I think New York State was the only state that I'd hold up as a better example of taking things seriously, they acted earlier and with more conviction.
With New York one thing stands out they have for some time enforced and successfully educated people about wearing face coverings.
Not the wishy washy message we are getting it's interesting that face coverings. Are now being seen by economists as part of economic recovery. A number of recent papers on covid economic recovery all see them playing a part. Simple public health messages work sadly we aren't getting them.
 

PaulSB

Legendary Member
Aren't we about the 3rd or 4th most obese nation in Europe?

If obesity is definitely a factor in Covid death rates then he may well have a point.

Obviously if it is it is not the only factor but it really wouldn't hurt if the nation was put on a diet (and started cycling more :smile:).
I popped in here to ask a question as I know you guys have spent much time discussing and reading around the subject.

I happened to notice this post and would like to offer what I have been told. I live 5-6 miles from a town with a high ethnic population, the town suffers deprivation and I would guess diet, general health is below average. I know an ICU doctor at the hospital serving the local area. He has told me those in ICU are one or more of the following BAME, smokers, obese. No evidence, nothing peer reviewed etc. just a doctor on the front line.

I know another doctor at a hospital at a hospital 30+ miles away. There is an area of the town known for high levels of social deprivation. She commented "once it gets in to that community (with all the inherent health issues) we are in trouble " It did and hospital admissions rose dramatically. Again no evidence just a front line doctor's experience.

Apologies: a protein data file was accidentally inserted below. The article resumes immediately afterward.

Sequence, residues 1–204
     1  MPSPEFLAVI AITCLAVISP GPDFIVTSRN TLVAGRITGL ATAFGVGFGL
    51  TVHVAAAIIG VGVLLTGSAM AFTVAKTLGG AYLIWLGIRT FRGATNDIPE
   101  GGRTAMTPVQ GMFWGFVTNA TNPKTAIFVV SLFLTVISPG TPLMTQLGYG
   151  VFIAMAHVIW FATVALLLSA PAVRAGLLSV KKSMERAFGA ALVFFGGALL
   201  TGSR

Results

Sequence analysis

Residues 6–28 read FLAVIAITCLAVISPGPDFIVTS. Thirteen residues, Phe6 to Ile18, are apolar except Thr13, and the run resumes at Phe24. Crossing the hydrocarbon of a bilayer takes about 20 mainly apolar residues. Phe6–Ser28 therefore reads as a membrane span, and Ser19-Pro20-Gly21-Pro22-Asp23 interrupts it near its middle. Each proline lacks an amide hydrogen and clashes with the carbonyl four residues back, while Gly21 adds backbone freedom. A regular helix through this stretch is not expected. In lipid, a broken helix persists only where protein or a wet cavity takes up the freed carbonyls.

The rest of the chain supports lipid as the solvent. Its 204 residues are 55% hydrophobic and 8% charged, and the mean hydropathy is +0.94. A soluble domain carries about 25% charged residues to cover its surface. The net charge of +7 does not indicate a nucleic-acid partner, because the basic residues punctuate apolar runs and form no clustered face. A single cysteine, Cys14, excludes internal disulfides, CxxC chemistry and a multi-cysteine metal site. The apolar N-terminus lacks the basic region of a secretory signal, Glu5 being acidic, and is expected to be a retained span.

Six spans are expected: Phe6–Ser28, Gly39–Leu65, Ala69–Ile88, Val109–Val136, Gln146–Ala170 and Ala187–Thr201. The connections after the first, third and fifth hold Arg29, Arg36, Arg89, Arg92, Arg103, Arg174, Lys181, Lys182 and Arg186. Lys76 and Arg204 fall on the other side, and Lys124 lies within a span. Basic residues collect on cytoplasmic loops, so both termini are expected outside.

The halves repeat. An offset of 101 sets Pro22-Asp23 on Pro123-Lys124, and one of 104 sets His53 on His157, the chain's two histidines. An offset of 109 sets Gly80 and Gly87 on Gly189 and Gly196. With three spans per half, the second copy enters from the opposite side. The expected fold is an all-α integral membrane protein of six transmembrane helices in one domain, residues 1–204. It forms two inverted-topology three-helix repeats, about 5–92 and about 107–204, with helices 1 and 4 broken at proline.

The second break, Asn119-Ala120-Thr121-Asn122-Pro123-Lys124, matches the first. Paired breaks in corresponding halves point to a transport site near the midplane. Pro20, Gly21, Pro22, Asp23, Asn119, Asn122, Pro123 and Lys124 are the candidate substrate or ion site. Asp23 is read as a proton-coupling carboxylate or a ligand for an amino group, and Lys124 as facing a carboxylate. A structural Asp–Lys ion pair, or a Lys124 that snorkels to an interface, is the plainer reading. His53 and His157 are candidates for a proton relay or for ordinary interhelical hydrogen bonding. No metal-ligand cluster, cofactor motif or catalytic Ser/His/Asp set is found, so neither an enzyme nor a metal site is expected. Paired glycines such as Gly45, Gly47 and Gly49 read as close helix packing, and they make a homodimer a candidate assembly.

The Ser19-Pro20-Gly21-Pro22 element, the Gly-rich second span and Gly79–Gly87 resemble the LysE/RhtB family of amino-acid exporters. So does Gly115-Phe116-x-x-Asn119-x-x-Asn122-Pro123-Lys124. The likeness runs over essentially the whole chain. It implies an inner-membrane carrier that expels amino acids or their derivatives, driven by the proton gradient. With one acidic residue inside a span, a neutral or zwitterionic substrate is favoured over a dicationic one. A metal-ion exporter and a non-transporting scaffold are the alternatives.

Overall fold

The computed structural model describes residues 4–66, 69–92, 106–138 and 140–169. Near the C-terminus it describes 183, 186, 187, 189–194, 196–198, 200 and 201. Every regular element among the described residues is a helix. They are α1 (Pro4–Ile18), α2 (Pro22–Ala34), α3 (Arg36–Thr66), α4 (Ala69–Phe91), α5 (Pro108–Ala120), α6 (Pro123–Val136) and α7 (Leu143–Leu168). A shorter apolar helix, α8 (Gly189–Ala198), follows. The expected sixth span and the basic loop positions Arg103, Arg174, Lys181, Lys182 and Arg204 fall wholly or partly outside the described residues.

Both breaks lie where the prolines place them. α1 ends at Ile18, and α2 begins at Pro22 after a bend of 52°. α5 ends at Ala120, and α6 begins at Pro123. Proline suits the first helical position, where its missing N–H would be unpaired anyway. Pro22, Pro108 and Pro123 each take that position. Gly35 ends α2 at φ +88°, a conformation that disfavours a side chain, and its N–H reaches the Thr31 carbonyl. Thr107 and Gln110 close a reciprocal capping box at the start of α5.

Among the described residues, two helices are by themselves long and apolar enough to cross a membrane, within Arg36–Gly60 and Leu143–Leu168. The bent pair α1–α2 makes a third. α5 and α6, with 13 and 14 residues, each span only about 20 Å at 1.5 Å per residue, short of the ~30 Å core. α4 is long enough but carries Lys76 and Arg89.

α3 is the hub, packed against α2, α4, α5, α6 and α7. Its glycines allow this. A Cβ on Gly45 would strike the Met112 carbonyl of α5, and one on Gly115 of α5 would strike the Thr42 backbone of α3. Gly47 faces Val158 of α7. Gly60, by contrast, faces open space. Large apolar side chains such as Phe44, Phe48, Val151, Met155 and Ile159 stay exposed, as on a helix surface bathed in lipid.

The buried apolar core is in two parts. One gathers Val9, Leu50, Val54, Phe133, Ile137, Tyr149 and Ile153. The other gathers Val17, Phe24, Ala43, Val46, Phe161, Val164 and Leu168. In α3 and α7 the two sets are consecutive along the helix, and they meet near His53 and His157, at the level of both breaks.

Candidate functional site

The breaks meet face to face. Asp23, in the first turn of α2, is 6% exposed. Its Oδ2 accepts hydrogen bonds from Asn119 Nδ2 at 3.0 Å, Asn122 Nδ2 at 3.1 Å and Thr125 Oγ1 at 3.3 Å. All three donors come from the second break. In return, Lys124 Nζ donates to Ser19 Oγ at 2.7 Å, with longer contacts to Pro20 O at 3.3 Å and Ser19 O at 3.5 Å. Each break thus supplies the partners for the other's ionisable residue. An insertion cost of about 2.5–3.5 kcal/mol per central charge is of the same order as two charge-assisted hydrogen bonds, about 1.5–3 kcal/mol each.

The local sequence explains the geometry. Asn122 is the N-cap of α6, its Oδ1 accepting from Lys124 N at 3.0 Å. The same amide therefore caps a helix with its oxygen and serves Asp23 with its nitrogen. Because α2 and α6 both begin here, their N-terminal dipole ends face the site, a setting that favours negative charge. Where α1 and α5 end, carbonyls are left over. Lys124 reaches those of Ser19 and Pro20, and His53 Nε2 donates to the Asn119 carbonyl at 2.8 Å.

tom73

Veteran
Location
Yorkshire
like Tom said, the damage to the key worker staff can't really be measured at this point.

Come Sunday morning I'm sure the A&E departments will be full of people picked off the streets drunk, I would fine everyone of them, they can pay for the ambulance and the crews time, I would also charge them for any resources wasted on them and the cost of a bed for the night.

I always said drunk people should be charged before this current situation, the NHS isn't there to babysit imbeciles who can't moderate their alcohol intake.
Be a pretty big bill even when empty a hospital bed cost's about £800 a day. One's who have a real ongoing issue with drink need help alcohol creeps up on you and it's effects are horrific. The rest need a real talking to maybe the pubs who have silly promotions and play on the idea of a Saturday night out getting wacko. Are the ones who need to pay for the mess they leave to other to sort out.

As for damage to key staff it's hard to forget us is all this we've not have the best of time either. :hugs:
 

newfhouse

Elitist lefty
Location
CR8
I popped in here to ask a question as I know you guys have spent much time discussing and reading around the subject.

I happened to notice this post and would like to offer what I have been told. I live 5-6 miles from a town with a high ethnic population, the town suffers deprivation and I would guess diet, general health is below average. I know an ICU doctor at the hospital serving the local area. He has told me those in ICU are one or more of the following BAME, smokers, obese. No evidence, nothing peer reviewed etc. just a doctor on the front line.

I know another doctor at a hospital at a hospital 30+ miles away. There is an area of the town known for high levels of social deprivation. She commented "once it gets in to that community (with all the inherent health issues) we are in trouble " It did and hospital admissions rose dramatically. Again no evidence just a front line doctor's experience.
Poverty kills. Who knew?
 
You will remember the warning Italy's rapid increase sent out in February, March, which should have alerted governments.

Now we are getting a similar warning from growing numbers of cases, following early relaxation of lockdown in some of the southern states of the US.

Our government's response? Ignore the inconvenient facts, fingers crossed, go for it!
Precisely this